The key benefits are

Working with CoAP

I started to write my own IoT minimal framework with a few key points in mind

Quickly, I encountered a minor issue of a serious lack of tools for developemnt and testing that just worked...

For example, There is a (now unusable) Firefox plugin, Copper (Cu), which was was a simple to the point REST client with a range of settings for tweaking messages. It worked, but wasn't very practical for development. And now you need to run an out of date portable Firefox to use it.

LibCoAP provide a cli, coap-client, but that's mostly useful for scripting or cli based testing.

So I set out to build my own tool. How hard can it be?

My First Misadventure

IETF RFCs often have associated IANA registries, that is, a living part of the RFC allowing future extensions to the RFC. CoAP has an IETF registry for content formats, resource types and interface types.

That is where I had discovered Open Inter-Connect (OIC), an Iot specification produced by the OpenConnectivity Foundation (OCF). An alliance of multiple companies with the desire to make consumer IoT devices interoperable with each other out of the box.


First impressions of OIC showed extensive coverage of discovery, providing a large set of primitives for most physical devices, and several other well though out aspects. It covers Security, grouping devices and device management.

First step was to decide on the framework used for developing this magical tool. .Net is my strong point and naturally, decided Xamarin.Forms would be a good way to build a cross platform application.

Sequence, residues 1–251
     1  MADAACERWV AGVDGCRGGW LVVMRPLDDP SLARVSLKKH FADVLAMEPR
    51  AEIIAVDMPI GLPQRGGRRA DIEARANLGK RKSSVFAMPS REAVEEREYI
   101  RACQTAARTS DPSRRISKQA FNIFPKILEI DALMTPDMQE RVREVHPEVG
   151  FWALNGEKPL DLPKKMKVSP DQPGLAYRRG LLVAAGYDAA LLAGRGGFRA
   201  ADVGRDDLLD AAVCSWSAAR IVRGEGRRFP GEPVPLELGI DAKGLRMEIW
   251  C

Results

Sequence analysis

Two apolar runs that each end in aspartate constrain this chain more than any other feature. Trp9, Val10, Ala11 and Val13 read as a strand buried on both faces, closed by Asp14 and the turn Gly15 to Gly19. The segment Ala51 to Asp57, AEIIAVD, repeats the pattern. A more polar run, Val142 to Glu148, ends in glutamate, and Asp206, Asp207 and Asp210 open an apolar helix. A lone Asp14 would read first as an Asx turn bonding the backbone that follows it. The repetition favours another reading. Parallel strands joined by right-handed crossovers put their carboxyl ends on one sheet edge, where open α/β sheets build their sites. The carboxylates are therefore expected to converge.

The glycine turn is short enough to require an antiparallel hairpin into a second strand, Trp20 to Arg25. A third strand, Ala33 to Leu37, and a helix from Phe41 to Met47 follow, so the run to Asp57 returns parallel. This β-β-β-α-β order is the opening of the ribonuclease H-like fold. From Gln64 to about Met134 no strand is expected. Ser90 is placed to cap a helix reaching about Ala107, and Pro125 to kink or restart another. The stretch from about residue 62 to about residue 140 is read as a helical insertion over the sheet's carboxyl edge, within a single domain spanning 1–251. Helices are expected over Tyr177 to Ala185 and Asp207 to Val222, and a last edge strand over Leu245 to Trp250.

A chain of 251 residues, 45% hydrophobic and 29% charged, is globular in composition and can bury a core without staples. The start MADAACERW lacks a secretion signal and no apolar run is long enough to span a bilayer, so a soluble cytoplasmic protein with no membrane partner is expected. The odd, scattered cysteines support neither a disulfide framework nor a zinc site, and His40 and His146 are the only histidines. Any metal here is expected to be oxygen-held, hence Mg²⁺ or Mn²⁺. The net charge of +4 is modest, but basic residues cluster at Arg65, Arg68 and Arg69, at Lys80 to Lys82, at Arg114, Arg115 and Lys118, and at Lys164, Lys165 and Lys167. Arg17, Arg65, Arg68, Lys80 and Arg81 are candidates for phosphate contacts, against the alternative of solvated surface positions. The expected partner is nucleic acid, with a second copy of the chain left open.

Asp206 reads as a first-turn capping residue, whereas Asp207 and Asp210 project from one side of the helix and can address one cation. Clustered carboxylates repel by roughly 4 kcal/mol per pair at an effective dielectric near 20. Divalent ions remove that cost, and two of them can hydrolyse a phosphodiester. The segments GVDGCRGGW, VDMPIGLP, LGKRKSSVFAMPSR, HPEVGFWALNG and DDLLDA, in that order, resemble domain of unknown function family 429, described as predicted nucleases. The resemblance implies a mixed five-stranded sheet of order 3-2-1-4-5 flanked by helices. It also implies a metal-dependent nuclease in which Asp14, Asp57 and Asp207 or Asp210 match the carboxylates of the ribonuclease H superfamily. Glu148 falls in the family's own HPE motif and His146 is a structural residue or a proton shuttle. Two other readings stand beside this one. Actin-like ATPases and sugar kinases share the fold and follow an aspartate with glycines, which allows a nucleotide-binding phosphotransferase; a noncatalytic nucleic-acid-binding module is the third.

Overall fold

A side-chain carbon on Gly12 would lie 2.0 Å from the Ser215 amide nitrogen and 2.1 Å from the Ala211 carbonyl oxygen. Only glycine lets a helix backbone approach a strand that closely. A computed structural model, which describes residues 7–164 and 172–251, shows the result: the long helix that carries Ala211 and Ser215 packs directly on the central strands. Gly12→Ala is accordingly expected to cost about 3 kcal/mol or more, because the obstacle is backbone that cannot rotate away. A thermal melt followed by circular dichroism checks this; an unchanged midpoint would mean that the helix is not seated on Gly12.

I needed a CoAP library, to build a OIC library... Which is where things fell short. There existed a coupld of CoAP libraries, targeting .Net Framework and assumed a UDP connection. And at the time, didn't support .Net Standard (more on that later). So i set out to write my own CoAP library.

This is around the time .Net Portable was still a thing and Xamarin just started to support .Net Standard. I'm so glad .Net Portable is behind us now.

I faced a couple of challenges when building my own CoAP library, learning about .Net Standard, building a reliable network stack for CoAP. Considering what the API would look like. Setting up tests. Testing thouroughly. Learning that my tests still aren't enough.

Did you know that List<T>.Sort() and IEunumerable<T>.OrderBy() give different results...?

Developing a OIC library also had a lot more challenges of it's own. Forking JSON.Net to support CBOR (effectively binary json with tags), code generation of the primitives, and more importantly, a lack of physical devices to play with.

My first Cross platform app, OICExplorer, turned into a sad story. Xamarin.Forms had a lot of brick walled issues. Trying to develop a nice User Experience, while following the native platform's User Interface guidelines (ie. Material Design, UWP, iOS) was a nightmare. I hear that MS Build announced future plans to imporive on this. for at the time, this wasn't feasible.

Trying to design a Xamarin.Forms app quickly became impractical due to it's lack of design flexibility. That paired with bizzar quirks of OIC itself, a specification that was designed to only work with existing products prodiced by members of the OCF alliance. Not actually intended for everyday household items. These factors became frustrating and lead me to rethink my requirements and start again.

More to Follow. Stay Tuned